As Miriam Socolovsky from CONADU points out, joining forces across civil society is essential: “Being present at the SCCR 43 allowed me to connect with A2K members, especially all the Latin American organisations, and begin to think about ways for unions and other organisations to collaborate. Our presence was an important asset to the A2K coalition because we represent millions of people working in public education. Our voice rings louder and country delegates cannot ignore it.”

Elizabeth Fong noted that “the SCCR revealed, yet again, that while governments are driven by politics, it is civil society that advocates and strives for equity in access to information. This is our position as education unions.”

Upcoming Education International research

At the SCCR, Education International shared the interim results of three research studies that will be released later this year. The studies highlight the perspectives of teachers on the impact of copyright on teaching and learning, and the challenges of teaching in cross-border contexts, when the teacher or the students are in different countries with different copyright legislation.

Interim results show that:

  • Teachers rely on access to quality educational resources, including options to make these materials accessible for students with disabilities.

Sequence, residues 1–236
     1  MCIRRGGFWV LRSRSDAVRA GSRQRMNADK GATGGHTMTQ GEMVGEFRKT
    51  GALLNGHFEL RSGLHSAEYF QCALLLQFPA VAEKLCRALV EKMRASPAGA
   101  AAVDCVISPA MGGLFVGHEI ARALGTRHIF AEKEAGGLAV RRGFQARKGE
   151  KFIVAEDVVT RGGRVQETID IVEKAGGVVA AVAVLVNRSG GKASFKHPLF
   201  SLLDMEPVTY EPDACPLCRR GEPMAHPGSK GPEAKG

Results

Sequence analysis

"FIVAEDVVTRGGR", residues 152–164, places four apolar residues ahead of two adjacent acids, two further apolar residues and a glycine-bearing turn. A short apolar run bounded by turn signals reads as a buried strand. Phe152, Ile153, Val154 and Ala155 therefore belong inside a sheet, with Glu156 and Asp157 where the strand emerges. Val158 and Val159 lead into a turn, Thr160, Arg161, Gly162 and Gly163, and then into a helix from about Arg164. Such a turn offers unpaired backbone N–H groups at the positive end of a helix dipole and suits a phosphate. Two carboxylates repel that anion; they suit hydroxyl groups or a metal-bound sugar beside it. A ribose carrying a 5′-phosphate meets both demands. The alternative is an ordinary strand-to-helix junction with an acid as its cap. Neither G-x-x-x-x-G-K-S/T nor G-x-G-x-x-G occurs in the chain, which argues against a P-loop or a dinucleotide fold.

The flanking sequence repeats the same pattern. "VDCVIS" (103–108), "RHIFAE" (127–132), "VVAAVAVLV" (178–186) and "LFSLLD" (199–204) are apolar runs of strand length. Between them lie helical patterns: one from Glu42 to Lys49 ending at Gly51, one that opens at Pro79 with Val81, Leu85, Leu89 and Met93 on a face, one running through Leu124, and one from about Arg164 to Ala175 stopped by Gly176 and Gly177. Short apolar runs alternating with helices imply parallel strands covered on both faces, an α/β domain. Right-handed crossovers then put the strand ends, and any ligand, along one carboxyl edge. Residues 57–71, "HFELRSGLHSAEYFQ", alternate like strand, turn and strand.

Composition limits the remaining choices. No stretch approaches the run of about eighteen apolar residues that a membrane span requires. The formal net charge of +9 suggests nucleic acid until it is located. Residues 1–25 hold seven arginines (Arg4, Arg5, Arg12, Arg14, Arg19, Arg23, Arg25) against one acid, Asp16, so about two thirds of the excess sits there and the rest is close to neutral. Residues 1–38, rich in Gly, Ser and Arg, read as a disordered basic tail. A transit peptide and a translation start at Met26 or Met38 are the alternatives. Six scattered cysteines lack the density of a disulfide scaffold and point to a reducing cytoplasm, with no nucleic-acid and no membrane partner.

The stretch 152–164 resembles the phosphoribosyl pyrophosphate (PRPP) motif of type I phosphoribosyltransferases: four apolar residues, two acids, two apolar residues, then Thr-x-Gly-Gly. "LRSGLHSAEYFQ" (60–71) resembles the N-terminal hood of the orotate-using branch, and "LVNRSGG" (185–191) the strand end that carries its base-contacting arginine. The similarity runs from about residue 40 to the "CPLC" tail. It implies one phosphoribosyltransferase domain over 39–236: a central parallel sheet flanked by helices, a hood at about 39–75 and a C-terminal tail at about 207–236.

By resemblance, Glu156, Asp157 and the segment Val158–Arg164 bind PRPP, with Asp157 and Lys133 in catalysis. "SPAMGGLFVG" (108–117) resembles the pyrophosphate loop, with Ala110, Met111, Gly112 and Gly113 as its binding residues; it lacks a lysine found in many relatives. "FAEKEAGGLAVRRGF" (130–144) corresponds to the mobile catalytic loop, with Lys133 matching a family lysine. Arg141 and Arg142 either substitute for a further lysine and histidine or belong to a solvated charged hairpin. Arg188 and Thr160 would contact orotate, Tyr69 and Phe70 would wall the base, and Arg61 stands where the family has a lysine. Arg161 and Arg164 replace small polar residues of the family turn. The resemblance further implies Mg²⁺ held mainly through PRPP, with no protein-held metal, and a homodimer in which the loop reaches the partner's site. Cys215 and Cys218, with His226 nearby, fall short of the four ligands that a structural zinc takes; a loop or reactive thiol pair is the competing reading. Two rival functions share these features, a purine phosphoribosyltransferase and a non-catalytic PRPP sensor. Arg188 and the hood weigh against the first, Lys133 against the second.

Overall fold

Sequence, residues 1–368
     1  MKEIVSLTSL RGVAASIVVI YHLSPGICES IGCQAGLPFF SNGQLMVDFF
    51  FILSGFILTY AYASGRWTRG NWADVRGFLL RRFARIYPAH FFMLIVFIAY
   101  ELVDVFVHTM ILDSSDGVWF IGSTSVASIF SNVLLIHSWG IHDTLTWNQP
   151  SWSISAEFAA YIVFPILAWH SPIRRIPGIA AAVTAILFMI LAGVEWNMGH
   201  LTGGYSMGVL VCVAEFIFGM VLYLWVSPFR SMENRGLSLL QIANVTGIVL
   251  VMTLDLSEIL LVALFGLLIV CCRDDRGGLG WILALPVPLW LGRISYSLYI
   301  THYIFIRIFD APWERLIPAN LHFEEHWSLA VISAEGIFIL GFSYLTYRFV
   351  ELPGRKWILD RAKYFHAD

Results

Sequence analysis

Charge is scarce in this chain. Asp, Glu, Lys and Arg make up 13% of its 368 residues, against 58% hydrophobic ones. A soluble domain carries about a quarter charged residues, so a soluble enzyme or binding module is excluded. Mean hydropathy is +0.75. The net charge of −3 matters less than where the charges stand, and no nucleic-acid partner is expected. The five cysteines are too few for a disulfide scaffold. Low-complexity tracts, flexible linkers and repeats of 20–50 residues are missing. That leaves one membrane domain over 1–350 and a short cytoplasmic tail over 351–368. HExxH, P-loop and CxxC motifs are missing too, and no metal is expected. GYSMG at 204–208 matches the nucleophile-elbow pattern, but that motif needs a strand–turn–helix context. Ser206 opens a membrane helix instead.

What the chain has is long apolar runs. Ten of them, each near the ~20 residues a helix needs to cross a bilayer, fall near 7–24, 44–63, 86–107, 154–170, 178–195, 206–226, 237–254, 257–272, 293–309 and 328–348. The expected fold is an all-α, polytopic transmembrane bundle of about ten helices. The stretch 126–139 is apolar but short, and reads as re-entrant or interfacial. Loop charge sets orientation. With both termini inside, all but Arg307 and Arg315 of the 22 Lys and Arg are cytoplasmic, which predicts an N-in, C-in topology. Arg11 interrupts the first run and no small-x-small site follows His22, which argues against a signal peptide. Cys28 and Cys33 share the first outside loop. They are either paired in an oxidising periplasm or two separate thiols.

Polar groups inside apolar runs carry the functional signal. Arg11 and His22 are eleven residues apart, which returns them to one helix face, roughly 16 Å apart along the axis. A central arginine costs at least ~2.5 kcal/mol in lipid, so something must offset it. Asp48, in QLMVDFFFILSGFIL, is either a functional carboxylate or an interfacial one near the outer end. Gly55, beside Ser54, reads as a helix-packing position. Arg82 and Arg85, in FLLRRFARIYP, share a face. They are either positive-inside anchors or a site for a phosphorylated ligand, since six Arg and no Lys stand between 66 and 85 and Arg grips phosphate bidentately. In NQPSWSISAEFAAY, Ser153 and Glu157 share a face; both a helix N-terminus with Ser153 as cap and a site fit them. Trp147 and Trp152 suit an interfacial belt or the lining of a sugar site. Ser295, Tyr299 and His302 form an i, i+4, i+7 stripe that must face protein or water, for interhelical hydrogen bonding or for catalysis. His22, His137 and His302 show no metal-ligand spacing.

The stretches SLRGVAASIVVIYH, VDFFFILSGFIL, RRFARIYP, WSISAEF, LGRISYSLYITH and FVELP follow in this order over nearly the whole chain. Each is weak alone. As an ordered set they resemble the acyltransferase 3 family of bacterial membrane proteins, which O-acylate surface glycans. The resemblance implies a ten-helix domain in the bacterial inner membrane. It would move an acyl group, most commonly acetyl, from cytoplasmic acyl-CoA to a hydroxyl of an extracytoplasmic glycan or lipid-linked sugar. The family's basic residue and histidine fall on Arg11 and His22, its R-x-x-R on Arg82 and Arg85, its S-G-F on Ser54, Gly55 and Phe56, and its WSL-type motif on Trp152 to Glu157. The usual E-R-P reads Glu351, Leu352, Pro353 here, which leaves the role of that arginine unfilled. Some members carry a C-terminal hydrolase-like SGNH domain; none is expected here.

• Teachers work with a variety of resources to provide modern education, including copyright-protected materials. They therefore rely on copyright exceptions that are broad and flexible enough to allow for education to stay relevant as innovation advances.
  • Teachers mostly use part of copyright-protected works.
  • Teachers need training on copyright legislation to make informed decisions about the use of materials for education.
  • Copyright challenges in relation to cross-border educational activities require further attention through global policy reforms at WIPO. These reforms must be informed by evidence from the classroom.

The three studies will be launched in September, to mark the International Day for Universal Access to Information.